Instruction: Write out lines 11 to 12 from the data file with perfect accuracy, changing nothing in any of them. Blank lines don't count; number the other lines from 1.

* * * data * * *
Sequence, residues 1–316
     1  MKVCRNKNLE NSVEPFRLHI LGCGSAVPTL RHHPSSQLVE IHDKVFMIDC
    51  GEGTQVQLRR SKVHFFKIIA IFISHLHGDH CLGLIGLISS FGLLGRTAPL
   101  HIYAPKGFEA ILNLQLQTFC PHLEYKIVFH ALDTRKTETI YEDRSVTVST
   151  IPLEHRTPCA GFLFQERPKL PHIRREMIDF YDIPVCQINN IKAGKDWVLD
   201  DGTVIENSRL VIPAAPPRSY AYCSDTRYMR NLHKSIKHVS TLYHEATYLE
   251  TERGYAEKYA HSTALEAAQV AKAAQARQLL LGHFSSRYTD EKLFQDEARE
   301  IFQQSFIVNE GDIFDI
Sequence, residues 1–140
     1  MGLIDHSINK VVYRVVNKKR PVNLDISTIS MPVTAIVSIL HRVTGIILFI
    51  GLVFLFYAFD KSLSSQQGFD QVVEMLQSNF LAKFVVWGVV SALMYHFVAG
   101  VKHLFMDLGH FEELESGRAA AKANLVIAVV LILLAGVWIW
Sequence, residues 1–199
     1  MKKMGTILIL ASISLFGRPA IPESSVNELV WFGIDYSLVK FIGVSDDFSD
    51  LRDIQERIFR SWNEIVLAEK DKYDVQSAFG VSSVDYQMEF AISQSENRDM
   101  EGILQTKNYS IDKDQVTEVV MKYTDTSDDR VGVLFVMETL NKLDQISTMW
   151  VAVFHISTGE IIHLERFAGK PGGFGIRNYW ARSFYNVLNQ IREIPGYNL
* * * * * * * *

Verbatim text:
    51  GLVFLFYAFD KSLSSQQGFD QVVEMLQSNF LAKFVVWGVV SALMYHFVAG
   101  VKHLFMDLGH FEELESGRAA AKANLVIAVV LILLAGVWIW